[-empyre-] posted for Johannes
rtf9 at cornell.edu
Sun Oct 10 02:40:43 EST 2010
This post made by Johannes did not go through on the moderators site. Our
apologies to him.
RE: [-empyre-] Culturally specific archives
You replied on 10/8/2010 1:32 PM.
Sent: Thursday, October 07, 2010 10:30 PM
Craig's and Mona's interventions, on culturally specific archives,
protocol-aware content, safe places/revealing and persistence, were timely
and very important, throwing us off a bit in a way that I had not expected,
yet am very grateful to, since you have experiences with communities and
particular, as Mona calls them, pre-digital and "pre-industrial" cultural
works -- are we here then talking about oral traditions and practices,
performance and dance (non verbal practices), or are you, Mona, mostly
engaged with the film and TV heritage, and what, then do you mean by "works
with behaviors"? are these moving images of what kind of "instantiations"?
Jon has now thrown in a splendid text which brings forward the
"performative" dimensions of live archiving that we tried to discuss last
weekend when Yann's creative ever-moving "l' archive recombinante" showed up
here. The "works with behaviors" could mean films or moving image documents
of performative/restored behavior, but "heritage" -- is this notion now
mashable with Diana Taylor's crucial terms of the "archive" and the
"repertoire," and is not Taylor's binary itself not a binary but a
wonderfully alive dialectic? oral traditions, i would suggest, are living
archives with living repertoires, and thus always potentially or actually
variable and modifiable, contingent, no?
I wish to add a small observation (salty, I hope), as just as Craig wrote
to us about the Warumungu community, I receive a gift here from a Canadian
friend, a bi-lingual book that was years in the making, so let me introduce
(I don't have the font type for the Inuit language):
"Art and Cold Cash," edited by the Art and Cold Collective (Ruby
Arngn'naaq, Jack Butler, Sheila Butler, Patrick Mahon, and William Noah),
Toronto: YYZbooks, 2009.
this is a mind-blowing, multi-layered, creative investigation, having taken
place from 2004 to 2007 and connecting contemporary "art" to discourses
surrounding money (capitalism, traffic, etc), in a series of artistic
activities and experiments located in northern and southern Canada. Jack
Butler, Sheila Butler and Patrick Mahon, three contemporary artists whose
practices are normally situated in southern Canada, here worked on the
project in collaboration with writer Ruby Arngna'naaq and artists William
Noah, two Inuit members of the Art and Cold Cash Collective who lived
through the change from a barter economy to capitalism in Baker Lake,
Nunavut, during the twentieth century.
The book is a compelling document of a formidable project that involved
storytelling, interviews, community-based art practice, drawings, sculpture,
and videos produced for exhibitions in galleries and airports in the north,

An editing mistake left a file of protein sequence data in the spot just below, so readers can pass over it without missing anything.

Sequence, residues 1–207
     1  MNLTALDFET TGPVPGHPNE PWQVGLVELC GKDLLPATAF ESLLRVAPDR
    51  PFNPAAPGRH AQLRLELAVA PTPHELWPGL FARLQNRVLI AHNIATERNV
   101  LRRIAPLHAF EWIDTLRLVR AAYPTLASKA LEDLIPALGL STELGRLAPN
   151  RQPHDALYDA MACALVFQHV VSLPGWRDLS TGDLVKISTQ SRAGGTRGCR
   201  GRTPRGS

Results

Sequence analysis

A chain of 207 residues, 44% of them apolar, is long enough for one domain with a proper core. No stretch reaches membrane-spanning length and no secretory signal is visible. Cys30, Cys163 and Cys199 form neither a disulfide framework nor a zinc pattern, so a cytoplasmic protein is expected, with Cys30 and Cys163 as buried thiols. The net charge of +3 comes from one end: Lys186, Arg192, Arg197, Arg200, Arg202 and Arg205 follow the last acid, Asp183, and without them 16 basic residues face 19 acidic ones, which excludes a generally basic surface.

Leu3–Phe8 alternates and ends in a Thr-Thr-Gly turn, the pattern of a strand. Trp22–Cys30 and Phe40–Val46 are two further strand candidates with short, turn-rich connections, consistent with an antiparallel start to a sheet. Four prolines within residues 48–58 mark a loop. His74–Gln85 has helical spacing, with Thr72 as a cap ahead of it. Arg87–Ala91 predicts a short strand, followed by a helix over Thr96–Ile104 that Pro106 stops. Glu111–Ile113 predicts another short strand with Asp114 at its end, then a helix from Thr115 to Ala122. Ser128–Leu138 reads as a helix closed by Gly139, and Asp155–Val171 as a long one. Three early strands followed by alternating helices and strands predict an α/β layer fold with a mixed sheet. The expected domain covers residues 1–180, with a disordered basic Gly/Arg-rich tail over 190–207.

and in Toronto, Winnipeg, and Barrie, Ontario. "Art and Cold Cash" features
documentation of those activites and artworks, and includes essays by the
collective members and other commentators, as well as interviews in English
and Inuktitut, where eight Baker Lake residents, some of whom are artists,
recall their poignant first engagements with capitalist exchange in response
to the query, “Do you remember when you first used money?"
In the foreword, I notice that Smaro Kamboureli refers to the document as a
"living archive," addressing the highly convoluted politics of exchange
(between north and south, the residents and the artists, the domestic and
the foreign) that were taking place, highlighting the conflicts that money
inevitably introduces when art is forced to shed its mask of putative
purity, when it becomes "documented"
or a government instrument, when - more
specifically – "Eskimo art" is invented in the double name of sustainability
and benign accountability.
Without going deeper into this, it seems apparent that the uneven politics
of cultural exchange are not sufficiently addressed by us, as we discuss
Yann's digital swarm & performance theory, and look at cases of persistence
where they are undertaken. Some one pointed out we need to be grateful to
the archivers (e.g. Daniel Langlois Foundation), and why is is this
necessarily so, and what are the unspoken hierarchies implicit in Jon's
post, not only for broadcasting.
and Yann then comes back with another provocation:
>> I believe that there is no archive, but only things pointing to other
things, lost in compressed and always reconsidered times. Archiving is an
utopian capitalistic concept. Preservation does neither act on the
past or on the future, it's a posture trying to understand the actual.>>
well, the more unmasking, the better.
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